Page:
14. 14.

    Roedig, P. et al. Room-temperature macromolecular crystallography using a micro-patterned silicon chip with minimal background scattering. J. Appl. Crystallogr. 49, 968–975 (2016).

    CAS  PubMed  PubMed Central  Article  Google Scholar 

  15. 15.

    Doak, R. B. et al. Crystallography on a chip - without the chip: sheet-on-sheet sandwich. Acta Crystallogr. D74, 1000–1007 (2018).

    CAS  Article  Google Scholar 

  16. 16.

    Grünbein, M. L. & Kovacs, G. N. Sample delivery for serial crystallography at free-electron lasers and synchrotrons. Acta Crystallogr. D75, 178–191 (2019).

    Article  Google Scholar 

  17. 17.

    Decking, W. et al. First operation of a MHz-repetition-rate hard X-ray free-electron laser driven by a superconducting linear accelerator. Nat. Photonics 14, 391–397 (2020).

    ADS  CAS  Article  Google Scholar 

  18. 18.

    Grünbein, M. L., Shoeman, R. L. & Doak, R. B. Velocimetry of fast microscopic liquid jets by nanosecond dual-pulse laser illumination for megahertz X-ray free-electron lasers. Opt. Express 26, 7190–7203 (2018).

    ADS  PubMed  Article  Google Scholar 

  19. 19.

    Grünbein, M. L. et al. Megahertz data collection from protein microcrystals at an X-ray free-electron laser. Nat. Commun. 9, 3487 (2018).

    ADS  PubMed  PubMed Central  Article  CAS  Google Scholar 

  20. 20.

    Wiedorn, M. O. et al. Megahertz serial crystallography. Nat. Commun. 9, 4025 (2018).

    ADS  PubMed  PubMed Central  Article  CAS  Google Scholar 

  21. 21.

    Wiedorn, M. O. et al. Rapid sample delivery for megahertz serial crystallography at X-ray FELs. IUCrJ 5, 574–584 (2018).

    CAS  PubMed  PubMed Central  Article  Google Scholar 

  22. 22.

    Stan, C. A. et al. Liquid explosions induced by X-ray laser pulses. Nat. Phys. 12, 966–971 (2016).

    CAS  Article  Google Scholar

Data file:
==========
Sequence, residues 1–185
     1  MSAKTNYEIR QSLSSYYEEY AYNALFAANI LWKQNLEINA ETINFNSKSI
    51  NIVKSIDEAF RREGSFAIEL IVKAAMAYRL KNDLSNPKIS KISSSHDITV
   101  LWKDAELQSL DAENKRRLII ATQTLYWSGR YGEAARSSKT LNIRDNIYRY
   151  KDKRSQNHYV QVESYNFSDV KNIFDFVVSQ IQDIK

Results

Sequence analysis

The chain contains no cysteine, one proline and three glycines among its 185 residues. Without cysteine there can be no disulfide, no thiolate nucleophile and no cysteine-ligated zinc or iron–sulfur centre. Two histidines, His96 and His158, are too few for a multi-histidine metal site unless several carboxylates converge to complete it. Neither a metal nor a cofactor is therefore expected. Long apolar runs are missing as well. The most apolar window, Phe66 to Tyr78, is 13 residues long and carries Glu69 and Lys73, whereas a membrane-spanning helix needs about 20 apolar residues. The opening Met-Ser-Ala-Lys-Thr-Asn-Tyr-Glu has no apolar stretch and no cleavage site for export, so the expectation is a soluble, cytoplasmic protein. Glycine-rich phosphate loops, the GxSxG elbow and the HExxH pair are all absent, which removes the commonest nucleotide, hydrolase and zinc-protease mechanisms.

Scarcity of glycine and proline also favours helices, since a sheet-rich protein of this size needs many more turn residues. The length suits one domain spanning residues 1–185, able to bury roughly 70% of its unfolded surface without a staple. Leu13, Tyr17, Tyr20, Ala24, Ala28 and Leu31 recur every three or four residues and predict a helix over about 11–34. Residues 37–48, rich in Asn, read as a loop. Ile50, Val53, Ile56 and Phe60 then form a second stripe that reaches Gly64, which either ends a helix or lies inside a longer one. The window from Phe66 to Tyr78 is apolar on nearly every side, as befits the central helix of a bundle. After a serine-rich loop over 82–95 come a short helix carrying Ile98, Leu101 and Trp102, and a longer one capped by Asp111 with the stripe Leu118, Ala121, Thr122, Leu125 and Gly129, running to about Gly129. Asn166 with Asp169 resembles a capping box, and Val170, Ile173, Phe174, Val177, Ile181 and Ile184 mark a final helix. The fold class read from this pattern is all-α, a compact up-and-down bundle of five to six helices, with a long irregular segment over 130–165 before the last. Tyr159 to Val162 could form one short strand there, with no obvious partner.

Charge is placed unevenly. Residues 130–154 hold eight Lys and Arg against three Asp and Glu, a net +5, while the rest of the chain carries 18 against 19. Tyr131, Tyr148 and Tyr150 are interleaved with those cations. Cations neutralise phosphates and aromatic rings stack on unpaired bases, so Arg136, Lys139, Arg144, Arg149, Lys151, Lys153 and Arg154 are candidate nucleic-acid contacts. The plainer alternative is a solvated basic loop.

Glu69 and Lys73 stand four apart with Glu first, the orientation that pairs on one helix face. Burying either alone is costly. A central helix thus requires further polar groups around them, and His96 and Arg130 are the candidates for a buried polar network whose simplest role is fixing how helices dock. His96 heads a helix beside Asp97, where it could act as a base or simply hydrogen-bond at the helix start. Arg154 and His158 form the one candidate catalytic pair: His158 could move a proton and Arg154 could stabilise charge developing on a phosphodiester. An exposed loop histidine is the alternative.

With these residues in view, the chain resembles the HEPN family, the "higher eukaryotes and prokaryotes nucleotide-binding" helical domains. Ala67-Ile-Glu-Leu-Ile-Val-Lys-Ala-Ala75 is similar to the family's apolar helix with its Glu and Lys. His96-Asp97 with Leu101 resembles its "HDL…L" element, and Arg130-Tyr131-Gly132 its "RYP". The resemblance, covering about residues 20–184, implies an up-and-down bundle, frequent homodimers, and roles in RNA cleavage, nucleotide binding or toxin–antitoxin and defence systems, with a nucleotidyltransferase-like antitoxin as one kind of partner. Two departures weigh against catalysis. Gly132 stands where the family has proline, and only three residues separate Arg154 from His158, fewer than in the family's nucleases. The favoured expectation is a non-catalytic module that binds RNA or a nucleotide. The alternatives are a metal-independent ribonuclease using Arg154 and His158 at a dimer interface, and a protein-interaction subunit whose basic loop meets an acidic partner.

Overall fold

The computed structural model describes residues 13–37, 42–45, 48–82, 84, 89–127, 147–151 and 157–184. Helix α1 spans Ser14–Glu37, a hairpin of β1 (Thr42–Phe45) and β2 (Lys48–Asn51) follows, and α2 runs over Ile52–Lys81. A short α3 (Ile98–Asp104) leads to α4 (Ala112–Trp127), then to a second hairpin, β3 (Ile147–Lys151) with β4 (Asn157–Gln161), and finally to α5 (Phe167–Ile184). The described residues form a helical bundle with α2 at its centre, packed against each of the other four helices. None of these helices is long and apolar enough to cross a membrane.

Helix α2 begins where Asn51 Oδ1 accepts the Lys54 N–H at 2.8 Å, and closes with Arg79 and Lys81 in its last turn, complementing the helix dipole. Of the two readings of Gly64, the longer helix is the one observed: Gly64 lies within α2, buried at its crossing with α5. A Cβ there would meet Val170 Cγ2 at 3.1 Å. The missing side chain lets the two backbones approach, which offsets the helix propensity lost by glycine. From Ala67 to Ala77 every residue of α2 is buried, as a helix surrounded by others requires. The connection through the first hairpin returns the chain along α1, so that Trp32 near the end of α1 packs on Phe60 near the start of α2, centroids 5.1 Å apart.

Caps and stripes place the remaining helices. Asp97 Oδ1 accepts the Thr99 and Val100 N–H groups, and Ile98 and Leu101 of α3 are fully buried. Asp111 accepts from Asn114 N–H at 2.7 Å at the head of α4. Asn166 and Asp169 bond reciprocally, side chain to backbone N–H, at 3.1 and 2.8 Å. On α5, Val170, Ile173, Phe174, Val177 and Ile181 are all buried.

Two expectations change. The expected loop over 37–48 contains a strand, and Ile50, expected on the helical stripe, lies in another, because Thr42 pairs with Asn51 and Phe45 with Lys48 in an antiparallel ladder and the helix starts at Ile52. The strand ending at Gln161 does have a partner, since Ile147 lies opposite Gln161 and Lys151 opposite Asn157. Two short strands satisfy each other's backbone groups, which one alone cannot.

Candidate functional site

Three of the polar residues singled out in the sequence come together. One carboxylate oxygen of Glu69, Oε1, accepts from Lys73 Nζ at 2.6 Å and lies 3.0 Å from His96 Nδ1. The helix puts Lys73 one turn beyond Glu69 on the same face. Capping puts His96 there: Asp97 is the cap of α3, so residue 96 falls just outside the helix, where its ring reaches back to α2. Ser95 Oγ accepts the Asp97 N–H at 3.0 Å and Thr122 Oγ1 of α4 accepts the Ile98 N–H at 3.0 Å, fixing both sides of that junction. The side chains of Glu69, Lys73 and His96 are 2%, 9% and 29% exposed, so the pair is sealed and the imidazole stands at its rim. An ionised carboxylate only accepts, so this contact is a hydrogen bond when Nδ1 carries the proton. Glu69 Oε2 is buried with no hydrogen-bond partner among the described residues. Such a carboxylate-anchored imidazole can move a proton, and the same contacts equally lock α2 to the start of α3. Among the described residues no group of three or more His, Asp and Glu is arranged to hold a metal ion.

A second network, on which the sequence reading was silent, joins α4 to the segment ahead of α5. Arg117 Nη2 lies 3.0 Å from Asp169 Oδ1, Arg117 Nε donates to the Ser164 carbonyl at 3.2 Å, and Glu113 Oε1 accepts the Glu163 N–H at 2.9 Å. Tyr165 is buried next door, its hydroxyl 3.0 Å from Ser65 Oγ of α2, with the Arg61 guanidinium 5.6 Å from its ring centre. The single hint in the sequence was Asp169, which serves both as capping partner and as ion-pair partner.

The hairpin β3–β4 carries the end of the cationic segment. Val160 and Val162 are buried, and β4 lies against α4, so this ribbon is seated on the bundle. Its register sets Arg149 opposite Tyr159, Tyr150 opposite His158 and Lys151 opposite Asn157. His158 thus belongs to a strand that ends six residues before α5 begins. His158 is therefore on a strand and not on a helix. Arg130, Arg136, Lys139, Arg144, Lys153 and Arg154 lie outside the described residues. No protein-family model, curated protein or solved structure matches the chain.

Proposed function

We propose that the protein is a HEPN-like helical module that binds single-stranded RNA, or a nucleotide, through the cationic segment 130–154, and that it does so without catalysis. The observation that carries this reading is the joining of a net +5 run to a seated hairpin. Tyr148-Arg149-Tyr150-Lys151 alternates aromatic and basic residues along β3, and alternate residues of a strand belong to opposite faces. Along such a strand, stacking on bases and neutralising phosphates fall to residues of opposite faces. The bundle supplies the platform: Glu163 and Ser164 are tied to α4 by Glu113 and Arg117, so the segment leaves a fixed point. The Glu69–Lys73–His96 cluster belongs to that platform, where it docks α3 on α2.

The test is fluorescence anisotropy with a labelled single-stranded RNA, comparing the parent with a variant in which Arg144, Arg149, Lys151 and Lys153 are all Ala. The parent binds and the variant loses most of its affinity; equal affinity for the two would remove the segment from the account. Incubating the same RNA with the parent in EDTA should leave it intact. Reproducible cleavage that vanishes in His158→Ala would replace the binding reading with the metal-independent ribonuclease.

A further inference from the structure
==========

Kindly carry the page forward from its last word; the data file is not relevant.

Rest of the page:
23. 23.

    Roche, J. & Royer, C. A. Lessons from pressure denaturation of proteins. J. R. Soc. Interface 15, 20180244 (2018).

    PubMed  PubMed Central  Article  CAS  Google Scholar 

  24. 24.

    Dlott, D. D. Ultrafast spectroscopy of shock waves in molecular materials. Annu. Rev. Phys. Chem. 50, 251–278 (1999).

    ADS  CAS  PubMed  Article  Google Scholar 

  25. 25.

    Gao, M. et al. On the origin of microtubules’ high-pressure sensitivity. Biophys. J. 114, 1080–1090 (2018).

    ADS  CAS  PubMed  PubMed Central  Article  Google Scholar 

  26. 26.

    Kharakoz, D. P. Protein compressibility, dynamics, and pressure. Biophys. J. 79, 511–525 (2000).

    ADS  CAS  PubMed  PubMed Central  Article  Google Scholar 

  27. 27.

    Ascone, I. et al. Isothermal compressibility of macromolecular crystals and macromolecules derived from high-pressure X-ray crystallography. J. Appl. Cryst. 43, 407–416 (2010).

    CAS  Article  Google Scholar 

  28. 28.

    Weisel, M., Proschak, E., Kriegl, J. M. & Schneider, G. Form follows function: shape analysis of protein cavities for receptor-based drug design. Proteomics 9, 451–459 (2009).

    CAS  PubMed  Article  Google Scholar 

  29. 29.

    Cheng, R. K. Y., Abela, R. & Hennig, M. X-ray free electron laser: opportunities for drug discovery. Essays Biochem. 61, 529–542 (2017).